Kicking off PHAVES, our virtual event series!

Issue 80 | June 19, 2020
13 min read
Capsid and Tail

We launched PHAVES (Phage Directory Virtual Event Series) this week! If you missed it, here’s your recap! Poster created by Stephanie Lynch, La Trobe University.

We kicked off PHAVES this Tuesday! We discussed Phage Directory’s origin story and future directions, answered questions from the community, and hosted a series of small-group breakout sessions. Here’s how it all went!

Urgent June 19, 2020

Urgent need for Citrobacter freundii phages for a patient

Phage Therapy

We are urgently seeking Citrobacter freundii phages (and phage manufacturing capacity) for a patient in the USA.

Ways to help at this stage:

  • By preparing clinical-grade phage preparations for this patient (one phage already identified, need manufacturing partner)
  • By sending your phages for testing on the patient’s strain
  • By receiving the strain and testing your phages
  • By helping spread the word about this request
  • By providing us with names/email addresses of labs you think we should contact

Please email [email protected] if you can help in any way, or if you would like further details/clarification.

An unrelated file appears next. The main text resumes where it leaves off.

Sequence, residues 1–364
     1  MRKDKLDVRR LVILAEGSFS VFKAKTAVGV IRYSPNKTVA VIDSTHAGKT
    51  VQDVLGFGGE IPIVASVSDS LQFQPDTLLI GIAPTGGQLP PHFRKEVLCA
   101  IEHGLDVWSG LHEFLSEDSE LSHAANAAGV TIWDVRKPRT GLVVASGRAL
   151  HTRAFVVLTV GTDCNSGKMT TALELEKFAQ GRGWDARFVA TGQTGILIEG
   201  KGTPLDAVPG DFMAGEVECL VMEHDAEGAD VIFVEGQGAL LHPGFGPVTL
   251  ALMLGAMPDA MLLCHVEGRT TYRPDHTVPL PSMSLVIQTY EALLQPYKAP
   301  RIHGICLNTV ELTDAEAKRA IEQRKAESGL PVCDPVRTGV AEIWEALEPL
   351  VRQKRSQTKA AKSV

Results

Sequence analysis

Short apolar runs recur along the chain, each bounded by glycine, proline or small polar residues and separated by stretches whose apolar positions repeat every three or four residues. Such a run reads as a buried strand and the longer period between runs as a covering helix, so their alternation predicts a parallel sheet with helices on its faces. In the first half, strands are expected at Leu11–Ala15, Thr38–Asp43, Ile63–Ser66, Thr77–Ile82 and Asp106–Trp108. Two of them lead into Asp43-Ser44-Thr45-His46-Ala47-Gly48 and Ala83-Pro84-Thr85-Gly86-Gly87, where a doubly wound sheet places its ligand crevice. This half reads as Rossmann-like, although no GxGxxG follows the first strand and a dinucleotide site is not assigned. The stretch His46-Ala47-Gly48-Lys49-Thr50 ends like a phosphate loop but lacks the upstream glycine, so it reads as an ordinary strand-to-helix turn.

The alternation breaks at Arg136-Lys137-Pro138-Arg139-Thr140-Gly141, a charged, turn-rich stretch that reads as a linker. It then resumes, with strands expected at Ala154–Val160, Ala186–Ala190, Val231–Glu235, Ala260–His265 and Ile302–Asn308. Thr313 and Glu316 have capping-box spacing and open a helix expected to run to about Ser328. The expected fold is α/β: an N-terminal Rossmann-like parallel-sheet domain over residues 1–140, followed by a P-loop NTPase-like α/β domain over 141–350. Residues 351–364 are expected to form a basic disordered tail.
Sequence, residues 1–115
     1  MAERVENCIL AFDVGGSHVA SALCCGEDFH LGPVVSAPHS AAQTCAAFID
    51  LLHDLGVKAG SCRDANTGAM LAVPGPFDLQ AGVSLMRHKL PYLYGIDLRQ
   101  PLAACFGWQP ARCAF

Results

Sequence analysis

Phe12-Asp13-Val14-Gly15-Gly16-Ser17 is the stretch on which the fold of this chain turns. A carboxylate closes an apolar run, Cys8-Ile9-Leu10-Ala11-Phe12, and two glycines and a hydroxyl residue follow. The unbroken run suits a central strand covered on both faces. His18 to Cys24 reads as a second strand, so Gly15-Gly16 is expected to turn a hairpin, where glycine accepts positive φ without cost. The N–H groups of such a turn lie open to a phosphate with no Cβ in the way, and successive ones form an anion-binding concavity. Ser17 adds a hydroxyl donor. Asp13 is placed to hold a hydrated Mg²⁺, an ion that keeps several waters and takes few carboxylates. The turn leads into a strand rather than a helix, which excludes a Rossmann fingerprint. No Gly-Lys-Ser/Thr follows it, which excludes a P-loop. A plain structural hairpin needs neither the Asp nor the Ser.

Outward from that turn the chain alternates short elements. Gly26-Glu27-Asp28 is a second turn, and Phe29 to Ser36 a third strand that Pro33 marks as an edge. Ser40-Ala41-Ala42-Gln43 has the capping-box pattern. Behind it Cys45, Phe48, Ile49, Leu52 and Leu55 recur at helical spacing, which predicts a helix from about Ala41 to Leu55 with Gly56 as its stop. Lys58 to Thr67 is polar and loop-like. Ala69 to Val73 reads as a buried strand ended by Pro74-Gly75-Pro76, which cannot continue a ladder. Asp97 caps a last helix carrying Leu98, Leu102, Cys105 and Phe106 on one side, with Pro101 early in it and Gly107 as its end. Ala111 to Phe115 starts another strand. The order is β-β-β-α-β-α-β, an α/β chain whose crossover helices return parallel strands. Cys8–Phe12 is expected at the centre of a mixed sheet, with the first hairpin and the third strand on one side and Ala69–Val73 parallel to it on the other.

Let’s make a difference,
Phage Directory

Urgent June 19, 2020

Urgent need for Burkholderia cepacia phages for a patient

Phage Therapy

We are urgently seeking Burkholderia cepacia phages for a patient in the USA.

Ways to help at this stage:

  • By sending your phages for testing on the patient’s strain
  • By receiving the strain and testing your phages
  • By helping spread the word about this request
  • By providing us with names/email addresses of labs you think we should contact

Please email [email protected] if you can help in any way, or if you would like further details/clarification.

Let’s make a difference,
Phage Directory

What’s New

Armata Pharmaceuticals just received a $15 million award from the US Department of Defense to take its Staphylococcus aureus phage cocktail to phase 1b/2 clinical trials.

Biotech newsClinical TrialGrant funding newsPhage Therapy

How should we optimally design phage cocktail timing and dosage to deal with evolutionary escape of pathogens? Guanlin Li and Chung Yin Leung (Georgia Institute of Technology) and colleagues published a new paper on using mathematical modeling to optimize phage cocktail design. They show that optimized single-strain phage therapy may cure infections in immunocompetent patients, but may fail in immunodeficient hosts, though including a counter-resistant phage could restore therapeutic efficacy. Paper | Earlier preprint.